One of my pastor friends in Hayward said that he has this rule for his congregation: don’t invite someone to church unless you have first invited them to your home. I’m not going to make this a rule for you, but it is something to think about. As we continually make friends for Jesus, let’s honestly consider the first part of that: making friends. I read a recent survey of people who recently started attending worship services. 86% said they started attending because a friend invited them. A friend. I can attest to the reality that making friends is not easy, but consider people whom you consider acquaintances that you could know better. Invite them to coffee or lunch. Invite them over for dinner and a game. Maybe invite them to church then brunch. Whatever happens to work for you, think about how you can invite people to be a part of your life and a part of God’s family this year.

God’s blessings on your week.

Pastor Andy

I started reading a book last week is called “What Do They Hear? Bridging the Gap Between Pulpit and Pew.” The premise of the book is simple: when people hear a sermon or a story or a speech, everyone comes away with differing views on what was important. Not everyone remembers every detail. The speaker or author has limited control over what the hearers take away.

One example that the author gives is of a comparative study related to how people read and remember the parable of the prodigal son. Two groups, one of Americans and one of Russians, were asked to read the parable, then recount the story back in as much detail as possible. The results are fascinating. Only 34% of the Russians mention the squandering of the younger son, while 100% of the Americans mentioned the squandering. And even more fascinating, only 6% of the Americans mentioned the famine that occurred in the story, while 84% of the Russians mention the famine.

The takeaway from this is that our background and culture predisposes us to focus on different things. Many of the Russians interviewed had experienced famine. Few of the Americans had. The famine was a detail the Americans who were surveyed managed to gloss over because it wasn’t a part of their personal experience.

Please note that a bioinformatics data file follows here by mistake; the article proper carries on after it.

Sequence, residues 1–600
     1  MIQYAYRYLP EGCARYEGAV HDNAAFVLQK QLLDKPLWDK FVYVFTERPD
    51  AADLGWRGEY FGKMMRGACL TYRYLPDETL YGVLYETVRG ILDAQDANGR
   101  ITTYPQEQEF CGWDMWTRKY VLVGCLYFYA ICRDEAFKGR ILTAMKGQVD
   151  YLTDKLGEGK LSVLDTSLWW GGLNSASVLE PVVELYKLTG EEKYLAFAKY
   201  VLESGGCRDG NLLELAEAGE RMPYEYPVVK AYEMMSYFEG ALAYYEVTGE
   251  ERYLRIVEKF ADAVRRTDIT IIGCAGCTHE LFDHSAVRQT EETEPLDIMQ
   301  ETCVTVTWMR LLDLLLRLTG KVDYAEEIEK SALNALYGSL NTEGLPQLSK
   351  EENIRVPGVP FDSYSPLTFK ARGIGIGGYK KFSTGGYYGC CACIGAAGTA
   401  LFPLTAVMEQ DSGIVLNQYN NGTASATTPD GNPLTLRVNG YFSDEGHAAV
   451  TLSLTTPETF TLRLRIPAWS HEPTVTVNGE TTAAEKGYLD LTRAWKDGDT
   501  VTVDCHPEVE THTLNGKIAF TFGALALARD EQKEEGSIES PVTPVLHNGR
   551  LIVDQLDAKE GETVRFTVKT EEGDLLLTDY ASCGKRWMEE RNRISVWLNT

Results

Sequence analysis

I’m sure there are times when a detail I give in a sermon is glossed over by some, but meaningful to others. That’s okay. In fact, I think that’s a good thing because it reflects that God has made us all to be different creatures. When I preach, I seek to be intentional about creating sermons that can connect with a variety of different experiences, cultures, age groups, and learning styles. This is hard work. It is not even possible for one sermon to connect with every culture, age group, and learning style. It is the task of many sermons over time to connect with the many different cultures, ages, and learning styles that exist at First Lutheran Church and Preschool. Faithful preaching is a marathon, not a sprint, and I’m well aware I’m still in the first mile of the race, but I hope that at least a few of the 25 or so sermons I have preached connected with your experiences and life, and I hope you keep listening.

God’s Blessings on your week.

Pastor Andy

First of all, I want to say thank you.

Thank you to the choir and bells for sharing their talents this Christmas. Thank you to the readers. Thank you to Karen and Michael for putting in so much time, effort, energy, and expertise into this Christmas. Thank you to Cindy for always working ahead on bulletins. Thank you to the altar guild and trustees and everyone else who decorated for Christmas. Thank you to the preschool teachers and Sunday school teachers who put together the children’s program a couple of weeks ago.

And thank you to the entire congregation for your care and support as Stephanie and I celebrated our first California Christmas. It is by no means the first Christmas we’ve spent away from family (or snow), but it is always a joy to find that wherever God leads us, there are always people who will welcome us and love us.

After three sermons and three services in three days, I’ve been taking some time to rest and reflect this week. So the second thing I’ll say is this:

Isn’t God amazing?

Truly. I hope you can find five minutes to put down your phone, shut off the TV, lock out all the noise, and simply bask in the ridiculous wonder that is Christmas. Imagine, the cosmic Christ, a being and person who has existed forever, restricting Himself in form to become a limited, dependent baby. There’s nothing to compare it to. There’s no metaphor to better understand it. It just is.